JOURNAL ARTICLE
RESEARCH SUPPORT, NON-U.S. GOV'T
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Prevalence and risk factors of squamous intraepithelial lesions of the cervix among HIV-infected women - a long-term follow-up study in a low-prevalence population.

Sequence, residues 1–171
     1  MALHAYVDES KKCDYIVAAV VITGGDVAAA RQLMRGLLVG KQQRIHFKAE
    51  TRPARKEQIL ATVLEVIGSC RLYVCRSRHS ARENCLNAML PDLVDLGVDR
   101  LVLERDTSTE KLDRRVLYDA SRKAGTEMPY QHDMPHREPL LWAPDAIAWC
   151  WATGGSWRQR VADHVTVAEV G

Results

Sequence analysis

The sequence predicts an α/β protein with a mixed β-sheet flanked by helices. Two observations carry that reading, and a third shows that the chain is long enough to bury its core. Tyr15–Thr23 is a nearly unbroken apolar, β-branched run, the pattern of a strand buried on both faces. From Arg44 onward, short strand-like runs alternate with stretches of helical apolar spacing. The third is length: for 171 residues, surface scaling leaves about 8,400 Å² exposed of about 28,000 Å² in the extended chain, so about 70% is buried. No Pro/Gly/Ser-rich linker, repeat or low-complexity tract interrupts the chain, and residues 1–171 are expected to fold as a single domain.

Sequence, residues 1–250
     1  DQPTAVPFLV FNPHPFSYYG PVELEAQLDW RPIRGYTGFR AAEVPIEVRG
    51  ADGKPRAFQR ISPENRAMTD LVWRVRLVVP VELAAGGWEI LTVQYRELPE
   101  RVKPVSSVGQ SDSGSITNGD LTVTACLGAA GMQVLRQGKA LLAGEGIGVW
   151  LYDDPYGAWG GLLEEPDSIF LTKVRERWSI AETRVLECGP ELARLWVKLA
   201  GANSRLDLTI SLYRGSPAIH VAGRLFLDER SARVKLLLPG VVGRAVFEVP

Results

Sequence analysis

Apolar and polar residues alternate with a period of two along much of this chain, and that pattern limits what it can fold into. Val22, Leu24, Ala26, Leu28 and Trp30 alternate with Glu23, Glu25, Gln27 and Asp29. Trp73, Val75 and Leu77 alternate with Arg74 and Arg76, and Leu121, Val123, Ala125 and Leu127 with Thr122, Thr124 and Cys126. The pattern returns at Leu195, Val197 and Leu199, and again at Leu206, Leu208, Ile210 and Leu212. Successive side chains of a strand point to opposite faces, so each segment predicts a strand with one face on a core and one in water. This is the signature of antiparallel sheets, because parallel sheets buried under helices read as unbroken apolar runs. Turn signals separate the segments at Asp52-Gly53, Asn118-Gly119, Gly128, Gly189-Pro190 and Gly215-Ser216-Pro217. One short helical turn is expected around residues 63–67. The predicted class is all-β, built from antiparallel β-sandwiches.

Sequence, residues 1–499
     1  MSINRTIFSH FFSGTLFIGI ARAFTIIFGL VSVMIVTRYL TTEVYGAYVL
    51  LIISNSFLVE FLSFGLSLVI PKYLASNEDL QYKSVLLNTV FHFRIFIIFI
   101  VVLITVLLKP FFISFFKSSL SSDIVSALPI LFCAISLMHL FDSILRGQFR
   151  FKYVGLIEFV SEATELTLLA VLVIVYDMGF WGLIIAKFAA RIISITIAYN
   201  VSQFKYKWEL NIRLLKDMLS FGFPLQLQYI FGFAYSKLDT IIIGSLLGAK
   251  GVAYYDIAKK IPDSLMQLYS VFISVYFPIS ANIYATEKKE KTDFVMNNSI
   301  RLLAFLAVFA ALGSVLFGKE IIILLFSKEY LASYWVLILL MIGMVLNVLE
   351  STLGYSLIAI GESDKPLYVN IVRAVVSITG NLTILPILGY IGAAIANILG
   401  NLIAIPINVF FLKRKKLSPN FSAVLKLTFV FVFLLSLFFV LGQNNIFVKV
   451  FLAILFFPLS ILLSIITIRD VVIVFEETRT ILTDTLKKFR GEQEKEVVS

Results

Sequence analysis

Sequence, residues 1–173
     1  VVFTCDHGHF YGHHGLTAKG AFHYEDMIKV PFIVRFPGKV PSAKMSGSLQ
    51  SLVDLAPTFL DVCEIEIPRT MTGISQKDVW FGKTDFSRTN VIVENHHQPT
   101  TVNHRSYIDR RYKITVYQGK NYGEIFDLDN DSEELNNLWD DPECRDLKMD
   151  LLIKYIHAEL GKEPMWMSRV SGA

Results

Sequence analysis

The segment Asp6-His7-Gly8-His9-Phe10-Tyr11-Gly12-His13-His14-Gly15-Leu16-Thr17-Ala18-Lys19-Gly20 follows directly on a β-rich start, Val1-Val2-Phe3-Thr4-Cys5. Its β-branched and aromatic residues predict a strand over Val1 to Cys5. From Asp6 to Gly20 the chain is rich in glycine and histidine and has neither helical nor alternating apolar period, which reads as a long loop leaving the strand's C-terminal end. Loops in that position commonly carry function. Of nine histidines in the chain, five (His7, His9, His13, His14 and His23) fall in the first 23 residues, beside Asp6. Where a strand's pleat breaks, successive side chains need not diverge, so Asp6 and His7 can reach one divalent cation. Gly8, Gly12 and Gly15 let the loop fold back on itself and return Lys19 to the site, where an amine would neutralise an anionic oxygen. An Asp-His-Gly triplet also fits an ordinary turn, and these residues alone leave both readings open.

HIV-infected women have high risk for precancerous lesions of the uterine cervix. We studied the prevalence and risk factors of squamous intraepithelial lesions (SIL) among systematically followed HIV-infected women enrolled from a population with low HIV prevalence. The study population consisted of 108 HIV-infected women enrolled between 1989 and 2003 with a mean follow-up 4.4 years. Risk factors of SIL were assessed based on samples collected during 2000-02. The overall rates of atypical glandular cells of uncertain significance (AGUS), atypical squamous cells of uncertain significance (ASCUS), low-grade SIL (LSIL) and high-grade SIL (HSIL) were 4, 24, 15 and 5%, respectively. Reduced CD4-lymphocyte count was associated with an increased prevalence of SIL, whereas duration of HIV infection (< or > or =5 years), use of antiretroviral medication, or HIV viral load (<50 or > or =50 copies/mL) was not. The cumulative risk of developing SIL after 1 and 5 years was 17% (95% confidence interval [CI] 7-27%) and 48% (95% CI 33-63%), respectively. The cumulative risk of SIL was increased among women younger than 31 years (P = 0.04) as well as in women displaying high initial HIV viral load (P = 0.01). Our results from a low HIV-incidence population re-emphasize the importance of guidelines for cytologic screening of HIV-seropositive women.

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